CCV student leaders were celebrated on Tuesday at CCV-Montpelier surrounded by CCV staff, students, family and friends for the Leadership Scholarship Celebration. The CCV Leadership Scholarship is awarded annually to one student from each of CCV’s academic centers and the Center for Online Learning. Students are nominated and chosen based on their demonstration of exceptional leadership abilities in their CCV centers, classrooms, and communities. Each scholarship recipient is awarded $1,000 as a recognition for their outstanding leadership.
This year’s speaker at the luncheon was CCV Controller David Tabaruka. He shared the story of his life, from the challenges he faced growing up, to how he overcame them to create the life he has today. David was born in Rwanda and said that as a child he “didn’t know what poverty was…I was privileged in my life.” These circumstances changed when his father was killed, and shortly after in 1994 the genocide in Rwanda started. His family escaped, moving around and living in refugee camps, facing poverty, war, political unrest, sickness and loss for years. In 2004 David, his mother, and siblings were accepted by the United Nations to be moved to the United States, where they ended up in Winooski, Vermont.
“There were many challenges moving to Vermont,” David said. He adjusted to the weather, cultural changes, and learning English. After becoming fluent in English, David became a student at CCV, earning his associate degree in business then a bachelor’s degree at Champlain College in 2010. Now, years later, David is back at CCV as a staff member. “I really enjoyed building my career the last twelve years, traveling around, rewriting my story, and taking advantage of the opportunity this beautiful nation offered me…the same opportunity you’re getting today attending CCV,” he said. “You can build something new…the sky is not the limit, it is only the beginning, you can expand and reach the galaxy. Leadership starts with you…this is momentum you need to keep building on and create something amazing for your future. Take control of your life, no one can do it for you. Your life is unique and you have your own strength that no one has… I can’t wait to see what you’ll do with it.”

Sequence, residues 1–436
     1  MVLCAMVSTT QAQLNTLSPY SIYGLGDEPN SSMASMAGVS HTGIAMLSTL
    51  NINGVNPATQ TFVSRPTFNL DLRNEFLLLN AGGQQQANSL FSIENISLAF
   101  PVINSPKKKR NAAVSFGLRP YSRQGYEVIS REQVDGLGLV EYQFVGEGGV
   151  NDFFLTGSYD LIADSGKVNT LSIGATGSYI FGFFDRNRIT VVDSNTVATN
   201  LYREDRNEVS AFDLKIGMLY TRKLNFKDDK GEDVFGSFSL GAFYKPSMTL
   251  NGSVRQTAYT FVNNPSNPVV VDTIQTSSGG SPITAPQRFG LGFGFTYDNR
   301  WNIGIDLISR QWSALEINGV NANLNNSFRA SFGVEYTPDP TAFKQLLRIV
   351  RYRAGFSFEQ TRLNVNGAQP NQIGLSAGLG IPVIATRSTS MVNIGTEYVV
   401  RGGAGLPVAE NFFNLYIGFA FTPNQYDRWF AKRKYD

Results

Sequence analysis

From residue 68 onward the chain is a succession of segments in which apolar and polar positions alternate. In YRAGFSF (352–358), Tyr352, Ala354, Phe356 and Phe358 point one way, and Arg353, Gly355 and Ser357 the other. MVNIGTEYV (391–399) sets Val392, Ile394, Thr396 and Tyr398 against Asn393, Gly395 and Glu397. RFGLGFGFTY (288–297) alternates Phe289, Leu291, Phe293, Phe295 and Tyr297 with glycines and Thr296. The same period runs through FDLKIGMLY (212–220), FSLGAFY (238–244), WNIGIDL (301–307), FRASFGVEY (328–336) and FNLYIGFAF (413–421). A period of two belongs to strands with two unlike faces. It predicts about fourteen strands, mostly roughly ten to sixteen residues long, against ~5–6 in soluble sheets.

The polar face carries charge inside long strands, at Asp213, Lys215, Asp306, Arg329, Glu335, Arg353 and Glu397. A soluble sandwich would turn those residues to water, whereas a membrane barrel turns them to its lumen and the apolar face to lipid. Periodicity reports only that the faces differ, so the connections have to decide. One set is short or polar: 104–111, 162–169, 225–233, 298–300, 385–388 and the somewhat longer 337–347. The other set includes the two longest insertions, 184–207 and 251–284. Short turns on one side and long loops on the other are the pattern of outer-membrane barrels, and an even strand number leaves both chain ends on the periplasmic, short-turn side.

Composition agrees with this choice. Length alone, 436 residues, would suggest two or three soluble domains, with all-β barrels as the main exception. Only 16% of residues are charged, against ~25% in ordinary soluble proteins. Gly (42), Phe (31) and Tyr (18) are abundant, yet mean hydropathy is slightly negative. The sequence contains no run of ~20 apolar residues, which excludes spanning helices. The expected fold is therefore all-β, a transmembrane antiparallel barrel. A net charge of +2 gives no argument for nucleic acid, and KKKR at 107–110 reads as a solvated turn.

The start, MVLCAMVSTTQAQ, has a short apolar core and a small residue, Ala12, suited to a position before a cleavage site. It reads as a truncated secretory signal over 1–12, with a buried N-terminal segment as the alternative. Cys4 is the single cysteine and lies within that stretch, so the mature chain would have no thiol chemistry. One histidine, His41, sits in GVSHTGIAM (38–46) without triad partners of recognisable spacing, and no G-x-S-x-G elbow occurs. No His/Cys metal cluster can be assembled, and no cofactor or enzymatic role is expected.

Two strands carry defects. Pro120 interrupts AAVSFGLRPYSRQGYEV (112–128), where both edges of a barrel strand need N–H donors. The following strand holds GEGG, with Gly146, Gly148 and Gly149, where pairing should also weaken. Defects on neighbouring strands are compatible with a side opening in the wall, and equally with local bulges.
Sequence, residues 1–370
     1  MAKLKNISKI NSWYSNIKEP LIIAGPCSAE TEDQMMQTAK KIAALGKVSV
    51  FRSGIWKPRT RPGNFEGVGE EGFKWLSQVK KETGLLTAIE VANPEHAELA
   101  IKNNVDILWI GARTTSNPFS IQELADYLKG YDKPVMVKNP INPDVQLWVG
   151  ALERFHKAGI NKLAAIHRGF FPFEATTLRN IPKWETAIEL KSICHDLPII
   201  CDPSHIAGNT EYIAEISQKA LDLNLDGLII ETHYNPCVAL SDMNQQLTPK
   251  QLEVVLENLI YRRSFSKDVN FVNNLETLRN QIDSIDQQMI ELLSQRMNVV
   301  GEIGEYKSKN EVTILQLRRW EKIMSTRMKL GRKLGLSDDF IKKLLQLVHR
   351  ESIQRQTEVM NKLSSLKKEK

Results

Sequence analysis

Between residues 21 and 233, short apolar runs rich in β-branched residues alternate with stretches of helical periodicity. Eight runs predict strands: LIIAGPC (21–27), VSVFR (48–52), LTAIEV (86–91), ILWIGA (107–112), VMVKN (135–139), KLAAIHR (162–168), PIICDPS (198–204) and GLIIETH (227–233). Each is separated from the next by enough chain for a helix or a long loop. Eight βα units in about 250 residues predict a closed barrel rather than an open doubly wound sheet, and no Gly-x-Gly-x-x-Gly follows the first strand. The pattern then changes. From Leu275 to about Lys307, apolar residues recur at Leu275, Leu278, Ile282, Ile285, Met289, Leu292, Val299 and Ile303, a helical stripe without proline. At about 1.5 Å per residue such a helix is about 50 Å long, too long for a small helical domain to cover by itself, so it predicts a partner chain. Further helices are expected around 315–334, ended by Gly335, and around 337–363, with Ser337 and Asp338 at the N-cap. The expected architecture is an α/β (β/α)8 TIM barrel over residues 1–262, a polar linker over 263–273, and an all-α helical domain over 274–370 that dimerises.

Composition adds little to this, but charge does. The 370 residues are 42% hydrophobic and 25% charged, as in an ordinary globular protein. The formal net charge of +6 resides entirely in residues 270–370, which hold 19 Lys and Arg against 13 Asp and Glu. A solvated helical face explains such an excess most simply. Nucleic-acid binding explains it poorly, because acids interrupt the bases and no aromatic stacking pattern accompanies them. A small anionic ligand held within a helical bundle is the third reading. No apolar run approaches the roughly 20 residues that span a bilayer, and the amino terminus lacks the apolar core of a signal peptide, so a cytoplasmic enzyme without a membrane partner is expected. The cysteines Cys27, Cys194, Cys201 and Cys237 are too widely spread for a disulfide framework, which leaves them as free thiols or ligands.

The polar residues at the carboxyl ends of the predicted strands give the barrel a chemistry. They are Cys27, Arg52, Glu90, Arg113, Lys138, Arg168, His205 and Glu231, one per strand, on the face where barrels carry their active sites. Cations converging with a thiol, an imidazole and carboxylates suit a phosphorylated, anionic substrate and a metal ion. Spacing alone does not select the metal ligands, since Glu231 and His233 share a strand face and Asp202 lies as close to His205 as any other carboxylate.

2023 Leadership Scholars
- Matt Main, Bennington
- Angel Jardin, Brattleboro
- Shannah Weller, Middlebury
- Talyn Brown-Wolf, Montpelier
- Wolf Whitney, Morrisville
- Glenn Nutting, Newport
- Larry Dockum, Online
- Amy Lear, Rutland
- Ashley Jewell, Springfield
- Daniel Johnson, St. Albans
- Katelyn Bent, St. Johnsbury
- Matthew Moore, Upper Valley
- Zeinah Mayange, Winooski
Following this story of challenges, resilience, and words of encouragement to students, each of the scholarship recipients in attendance had an opportunity to share what leadership means to them. “I think going above and beyond not knowing what’s going to come is what makes you a leader,” CCV-St. Johnsbury student Katelyn Bent said. Talyn Brown-Wolf from CCV-Montpelier remarked “what leadership means to me is just going out of your way to make something less uncomfortable to help someone else.”
Many students also spoke about the importance of following, attributing their leadership abilities to those around them that they’ve learned from. “Everybody has leadership qualities, but not everybody is meant to be in a leadership position. In order to be a good leader you have to be a good follower first…you’re tailored from the good leaders before you,” said CCV-Newport student Glenn Nutting. CCV-Brattleboro student Angel Jardine had a similar sentiment, saying “I think it’s important as a leader to inspire people around you…having great leaders to follow has been really helpful.”
For CCV-Morrisville student Wolf Whitney, the environment that you’re in also has effects on someone becoming a leader. “I personally believe that leaders are forged, no one is born innately knowing anything, we all learn,” she said. “I think we have to surround ourselves with the right people at the right time to make strides to become the leader that you want to become and see and effect the change in society you want to see.” As a CCV student, and now CCV staff member working with veteran and military students, Wolf is taking those strides at the College. “I think everyone can be a leader, you need to find yourself a place that’s nurturing and that will foster that possibility within you, and CCV is the place to do it.”
CCV President Joyce Judy awarded each student their certificates, congratulating them on their achievements. “This is an honor for us to be able to give these awards and scholarships. You are all amazing, tremendous leaders,” she said. CCV Director of Financial Aid and CCV Leadership Scholarship Committee member Ryan Dulude closed out the afternoon with a final remark and vote of confidence for the students: “You are the future leaders in Vermont, and that is a big responsibility but also a really big opportunity…we’re all in good hands.”
View the full gallery from the Leadership Scholarship Celebration: https://flic.kr/s/aHBqjACnbw.